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Dizziness

John R. Collier, Jr., MD

In order to keep our balance, we use our visual, vestibular (inner ear), and proprioreceptive (touch) sensory systems. The brain then interprets and coordinates the information from these senses. To move about successfully two of these three sensory systems, as well as the brain and muscle system have to be functioning well. The need for two of these sensory systems working well is why it is so important for people with balance problems having a light on when they get up at night.

Dizziness is a sensation of not being able to keep one’s balance. This sensation will be described very differently by different people. Sometimes the sensation is of being light headed. Sometimes it is a spinning sensation (vertigo). Sometimes it is hard to describe. The sensation of dizziness is usually caused by problems with the inner ear or the brain. Heart or blood pressure problems can cause dizziness by reducing blood flow to the brain.

One common cause of dizziness is Benign Postional Vertigo (BPV). Our inner ears keep balance two ways. Small crystals (otoliths) in one part of the inner ear move in response to gravity. Like a cat thrown in the air, we too know which way is down. The inner ear also has other parts called the semicircular canals which respond to movement. In BPV otliths come loose and fall into the posterior semicircular canal. This distorts the signal the inner ear sends to the brain. The typical symptom of BPV is dizziness with sudden turning movements, or with lying back and turning to one side. An office test called the Dix-Hallpike will usually detect BPV, and a series of positioning exercises will relieve the symptoms 80% of the time.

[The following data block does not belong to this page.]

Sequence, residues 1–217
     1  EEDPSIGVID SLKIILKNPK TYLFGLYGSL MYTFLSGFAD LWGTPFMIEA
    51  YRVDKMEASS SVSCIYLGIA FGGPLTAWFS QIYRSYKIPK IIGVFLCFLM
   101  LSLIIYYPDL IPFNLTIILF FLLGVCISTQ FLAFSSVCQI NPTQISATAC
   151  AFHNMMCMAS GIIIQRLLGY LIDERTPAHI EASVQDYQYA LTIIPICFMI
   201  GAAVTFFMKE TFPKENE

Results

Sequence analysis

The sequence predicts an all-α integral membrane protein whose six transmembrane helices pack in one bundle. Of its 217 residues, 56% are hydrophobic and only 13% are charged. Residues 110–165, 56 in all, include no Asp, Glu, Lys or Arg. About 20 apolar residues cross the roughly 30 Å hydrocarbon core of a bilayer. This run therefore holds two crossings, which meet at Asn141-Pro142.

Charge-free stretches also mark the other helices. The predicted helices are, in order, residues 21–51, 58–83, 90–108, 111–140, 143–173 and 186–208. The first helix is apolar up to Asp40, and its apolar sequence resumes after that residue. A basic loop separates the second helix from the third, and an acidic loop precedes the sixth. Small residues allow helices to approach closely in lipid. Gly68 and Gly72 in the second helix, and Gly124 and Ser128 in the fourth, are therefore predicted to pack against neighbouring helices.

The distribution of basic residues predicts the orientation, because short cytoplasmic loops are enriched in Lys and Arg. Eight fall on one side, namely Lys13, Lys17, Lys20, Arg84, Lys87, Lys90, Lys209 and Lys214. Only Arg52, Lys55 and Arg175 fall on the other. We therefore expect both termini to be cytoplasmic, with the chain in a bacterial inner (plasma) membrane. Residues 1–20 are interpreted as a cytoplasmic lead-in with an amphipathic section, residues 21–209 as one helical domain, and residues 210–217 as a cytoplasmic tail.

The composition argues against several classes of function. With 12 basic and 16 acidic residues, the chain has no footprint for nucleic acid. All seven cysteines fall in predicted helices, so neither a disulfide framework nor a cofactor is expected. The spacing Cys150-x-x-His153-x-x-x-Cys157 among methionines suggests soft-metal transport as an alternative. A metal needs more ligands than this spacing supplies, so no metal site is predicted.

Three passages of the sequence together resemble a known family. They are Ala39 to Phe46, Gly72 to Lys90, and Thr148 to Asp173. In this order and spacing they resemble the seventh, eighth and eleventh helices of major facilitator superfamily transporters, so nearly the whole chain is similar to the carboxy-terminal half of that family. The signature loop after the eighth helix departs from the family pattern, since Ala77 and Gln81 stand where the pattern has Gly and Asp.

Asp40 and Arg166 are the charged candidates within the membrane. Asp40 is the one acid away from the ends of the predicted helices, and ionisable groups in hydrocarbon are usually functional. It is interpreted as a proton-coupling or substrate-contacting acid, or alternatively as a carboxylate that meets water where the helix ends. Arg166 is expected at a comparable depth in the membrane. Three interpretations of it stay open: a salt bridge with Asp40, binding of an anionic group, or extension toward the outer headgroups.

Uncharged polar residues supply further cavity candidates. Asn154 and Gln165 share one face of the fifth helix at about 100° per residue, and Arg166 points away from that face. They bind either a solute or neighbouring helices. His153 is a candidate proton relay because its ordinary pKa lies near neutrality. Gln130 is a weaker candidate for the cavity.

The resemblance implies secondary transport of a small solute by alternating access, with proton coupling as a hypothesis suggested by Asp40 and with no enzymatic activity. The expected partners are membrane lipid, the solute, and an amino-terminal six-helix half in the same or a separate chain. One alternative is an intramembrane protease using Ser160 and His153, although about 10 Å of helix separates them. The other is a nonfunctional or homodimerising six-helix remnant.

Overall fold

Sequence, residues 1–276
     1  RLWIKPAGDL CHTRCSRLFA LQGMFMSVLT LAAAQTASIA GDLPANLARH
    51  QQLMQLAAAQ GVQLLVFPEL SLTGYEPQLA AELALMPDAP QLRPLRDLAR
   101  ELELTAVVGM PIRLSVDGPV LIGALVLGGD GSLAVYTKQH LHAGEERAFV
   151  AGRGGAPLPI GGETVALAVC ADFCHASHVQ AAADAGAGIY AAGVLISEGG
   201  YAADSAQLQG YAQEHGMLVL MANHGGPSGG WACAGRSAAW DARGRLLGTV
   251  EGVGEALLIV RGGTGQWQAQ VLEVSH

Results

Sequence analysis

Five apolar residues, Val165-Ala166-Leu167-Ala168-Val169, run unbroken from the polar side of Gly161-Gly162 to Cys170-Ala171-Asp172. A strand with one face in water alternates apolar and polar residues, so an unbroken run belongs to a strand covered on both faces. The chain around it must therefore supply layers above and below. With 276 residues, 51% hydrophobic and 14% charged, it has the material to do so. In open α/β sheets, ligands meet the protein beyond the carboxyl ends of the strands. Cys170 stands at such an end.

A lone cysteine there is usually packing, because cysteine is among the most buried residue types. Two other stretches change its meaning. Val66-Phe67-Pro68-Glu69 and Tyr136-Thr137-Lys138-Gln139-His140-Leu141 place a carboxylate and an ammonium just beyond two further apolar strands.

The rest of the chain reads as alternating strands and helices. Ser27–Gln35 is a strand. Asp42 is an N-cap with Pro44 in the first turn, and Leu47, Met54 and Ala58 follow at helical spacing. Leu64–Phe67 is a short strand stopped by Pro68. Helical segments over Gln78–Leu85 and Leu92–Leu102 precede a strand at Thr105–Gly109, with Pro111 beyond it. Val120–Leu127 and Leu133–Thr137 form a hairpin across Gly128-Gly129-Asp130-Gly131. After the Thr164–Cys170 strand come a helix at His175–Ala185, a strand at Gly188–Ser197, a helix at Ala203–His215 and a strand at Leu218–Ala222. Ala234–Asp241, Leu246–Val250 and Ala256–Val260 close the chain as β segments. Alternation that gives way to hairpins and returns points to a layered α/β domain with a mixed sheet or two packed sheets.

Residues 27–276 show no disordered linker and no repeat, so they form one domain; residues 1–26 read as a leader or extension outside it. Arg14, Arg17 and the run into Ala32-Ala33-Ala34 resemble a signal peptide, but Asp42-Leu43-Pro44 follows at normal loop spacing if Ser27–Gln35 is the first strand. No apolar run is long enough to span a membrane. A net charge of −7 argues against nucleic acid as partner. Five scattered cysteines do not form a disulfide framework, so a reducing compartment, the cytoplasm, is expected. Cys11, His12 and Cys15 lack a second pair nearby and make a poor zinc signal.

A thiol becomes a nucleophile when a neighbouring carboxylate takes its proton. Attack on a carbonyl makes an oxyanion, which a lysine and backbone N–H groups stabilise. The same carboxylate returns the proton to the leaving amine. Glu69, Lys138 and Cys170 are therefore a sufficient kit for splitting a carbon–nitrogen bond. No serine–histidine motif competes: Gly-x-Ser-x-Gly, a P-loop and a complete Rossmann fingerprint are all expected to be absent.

Another relatively frequent cause of dizziness is Meniere’s syndrome. The cause is unknown, but most researchers feel there is swelling in part of the inner ear. Someone with classic symptoms of Meniere’s will have spells of incapacitating dizziness associated with pressure, ringing, and hearing loss in the ear. Fortunately, most people don’t have symptoms this severe, and will respond to strict control of salt intake in their diet. However, severe cases may require one of various means of destroying the inner ear to relieve the symptoms.

Although, very rare, another cause of dizziness is an acoustic neuroma. This is a slow growing benign tumor on the nerve between the inner ear and the brain. This diagnosis has to be considered and tested for in any patient who has had unexplained dizziness or one sided hearing loss for an extended period of time.

Many of us have had the experience of waking up and being dizzy. This usually goes a way in a few days, though it sometimes will last much longer. This is typically called an inner ear infection. Other names include Viral Labyrinthitis or Vestibular Neuronitis. Though there are probably many causes, it is most likely caused by a viral infection (antibiotics will not help). Medicines like meclizine are given to help symptoms, but like the common cold, there is no really effective treatment, and the symptoms will pass with time.

Unfortunately, many people with dizziness have chronic medical conditions such as atherosclerosis which can affect the brain or the inner ear. These changes are often irreversible but with new advances in vestibular rehabilitation and physical therapy many patients can now be successfully treated.

Though most cases of dizziness are not emergencies, some can be. Dizziness associated with infected or draining ears, severe hearing loss, or loss of consciousness, usually requires immediate medical attention.